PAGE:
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transcanada

Tensions at an anti-pipeline blockade came to a head when the RCMP arrested 14 members of the Gidimt’en clan of the Wet'suwet'en First Nation.
Things don’t happen just because Donald Trump wants them to.
As the year draws to a close, it's worth looking back at some of the public policy issues that made headlines over the past 12 months, and that have a good chance of being in the news during the next 12 as well.
As the month of August draws to a close, the National Energy Board (NEB) begins its hearings on the Energy East pipeline project amidst a swirl of controversy. But the most objectionable aspect of the hearings of the NEB is the fact that it is engulfed in a sea of questionable ethical considerations.
I think I'm reasonably well versed in issues surrounding the Energy East Pipeline, both economic and environmental. But I am struck by how, in any official TransCanada communications about environmental implications of the project, climate change is never mentioned.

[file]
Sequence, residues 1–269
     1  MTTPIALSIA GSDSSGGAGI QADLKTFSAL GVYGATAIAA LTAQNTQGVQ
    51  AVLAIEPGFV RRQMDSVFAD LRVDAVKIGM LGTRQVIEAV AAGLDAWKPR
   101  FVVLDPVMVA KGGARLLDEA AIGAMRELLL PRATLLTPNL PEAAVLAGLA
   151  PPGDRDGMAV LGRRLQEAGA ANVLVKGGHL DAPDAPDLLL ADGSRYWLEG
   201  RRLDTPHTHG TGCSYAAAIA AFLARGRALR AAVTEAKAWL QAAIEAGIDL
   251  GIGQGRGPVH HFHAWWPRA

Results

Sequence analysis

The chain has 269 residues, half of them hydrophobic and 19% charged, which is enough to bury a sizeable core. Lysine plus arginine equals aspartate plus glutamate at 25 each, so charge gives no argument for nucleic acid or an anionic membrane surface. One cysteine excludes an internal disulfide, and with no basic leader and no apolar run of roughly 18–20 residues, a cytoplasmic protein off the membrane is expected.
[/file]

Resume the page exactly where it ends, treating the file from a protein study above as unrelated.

President Obama rejected Keystone XL because he was convinced it was not "in the best interest" of his country. Unhappy with this decision, TransCanada Pipelines chose to directly challenge the sovereignty of the government of the United States with this $15-billion lawsuit.
Trump wants America to have a share of the Keystone pipeline's profits.
It sometimes sounds as though pipeline proponents are the true environmentalists among us. Commentary in favour of the pipelines has followed suit with generous explanations of our current needs and the realities of energy consumption. They ask: are opponents of the pipelines in denial about our current reliance on fossil fuels? And if these bleeding hearts do admit that we do need fossil fuels to power our country, are they comfortable importing Saudi oil forever? I believe that such questions willfully miss the point.
If the pipelines are not approved, Alberta will suffer a huge fall, perhaps a kind of collapse. The Canadian economy will take a hit. But it will also turn us away from the unsustainable direction fostered by the last government. New, cleaner industries more befitting an educated, technologically advanced Canada will continue to be developed and in time produce economic growth. They won't make us rich right now, or in this election cycle, but it is a certainty that the alternative energy sector is not going away; in fact, it is a certainty that it will take over.